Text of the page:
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Male suicide debate starts Men's Health Connected summit

Winter has arrived and with it the first event of the month-long online Men’s Health Connected summit focusing on male suicide.

Four leaders in the field of male suicide prevention appeared (via zoom) for the Big Debate: How do we make male suicide a national priority?

Dr Zac Seidler, Director of Mental Health Training at Movember, kicked off the discussion acknowledging that male suicide prevention in Australia was clearly not a priority, despite the fact that “we are making extreme headway against a very strong headwind.”

While it was important to “pay attention to the progress we are making”, Dr Seidler emphasised the need to look at male distress pre-suicide.

“Services need a revolution if they are going to respond to men’s distress,” he said.

“It’s hard to back track when somebody is dead. We need to pivot the focus and start to look at the seeds that are starting this whole situation.

“Where are the best roads for intervention? We need to have this conversation when there is a man in distress who calls you. We need to be ahead of the curve, not waiting for the crisis.”

Chris Lockwood, CEO at Mates in Construction, praised the Queensland government, who he said was doing the best job in addressing male suicide prevention.

Working with government closely at MATES, Chris said they consulted widely, sought to build collaboration and called out specifics. “They are having a crack at naming it and owning it,” he said. “Queensland is leading Australia in doing real things for mental health and suicide prevention.”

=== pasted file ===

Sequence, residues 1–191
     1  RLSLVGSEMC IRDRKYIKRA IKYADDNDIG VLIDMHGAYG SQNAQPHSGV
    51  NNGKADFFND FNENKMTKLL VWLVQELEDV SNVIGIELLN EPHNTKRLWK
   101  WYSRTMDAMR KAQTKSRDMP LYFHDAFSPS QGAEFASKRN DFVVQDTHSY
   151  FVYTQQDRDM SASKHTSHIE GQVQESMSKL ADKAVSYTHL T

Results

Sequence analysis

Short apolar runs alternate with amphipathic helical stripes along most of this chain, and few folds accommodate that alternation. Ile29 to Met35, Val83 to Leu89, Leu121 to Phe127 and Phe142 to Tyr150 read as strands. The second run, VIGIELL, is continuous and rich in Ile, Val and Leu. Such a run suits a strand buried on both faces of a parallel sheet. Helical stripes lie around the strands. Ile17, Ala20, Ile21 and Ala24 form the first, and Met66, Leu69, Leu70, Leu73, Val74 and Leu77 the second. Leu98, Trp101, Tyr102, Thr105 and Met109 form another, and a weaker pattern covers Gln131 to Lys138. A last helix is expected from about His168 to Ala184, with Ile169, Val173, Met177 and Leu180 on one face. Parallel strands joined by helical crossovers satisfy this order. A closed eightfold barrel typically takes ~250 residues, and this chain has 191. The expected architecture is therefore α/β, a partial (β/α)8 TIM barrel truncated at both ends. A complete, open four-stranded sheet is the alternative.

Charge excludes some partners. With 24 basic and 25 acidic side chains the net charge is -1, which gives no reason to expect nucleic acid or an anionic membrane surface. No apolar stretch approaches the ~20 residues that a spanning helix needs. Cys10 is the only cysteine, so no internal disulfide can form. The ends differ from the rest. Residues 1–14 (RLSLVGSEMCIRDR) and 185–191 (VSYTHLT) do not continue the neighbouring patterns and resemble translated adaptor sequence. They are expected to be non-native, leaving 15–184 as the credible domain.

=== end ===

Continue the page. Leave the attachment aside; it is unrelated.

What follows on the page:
Gotcha 4 Life CEO Tim Hodgson, said schools and workplaces were best positioned to implement change in male suicide prevention.

“Why aren’t we teaching communication in schools, understanding emotions?” he said.

"The corporate sector has the most resources, the most reach and most ability to impact people.”

The fourth speaker, Pete Shmigel, former CEO off Lifeline, highlighted the need for a collaborative approach among the men’s health sector with more focus on lobbying government in a targeted way.

“We’re not going to get far until we get into professional lobbying and advocacy.”

“Which members of parliament have the greatest number of suicide cases in their electorate? Which of those are in marginal seats? Which are government members? Which of those are mates with the minister for health? How many people with lived experience will go and see their local MP wearing their local high vis?”

Pete said the most effective way to drive change round male suicide is to make those with power see it, touch it and feel it. To make it personal and relevant.

"We lack balls. We are not in the game. That is the real challenge and the opportunity."


The Men’s Health Connected Online Summit continues throughout June, with different themes for Weeks 1, 2, 3, 4/5.

This week continues with the theme of Male Suicide Prevention:

2 June: Primary Health Networks Male Suicide Prevention Symposium

3 June: Male Suicide – shaping policy and practice

4 June: Working with rural and remote men

5 June: Working with older men – responding to COVID19

6 June: Men’s mental health movement meet-up


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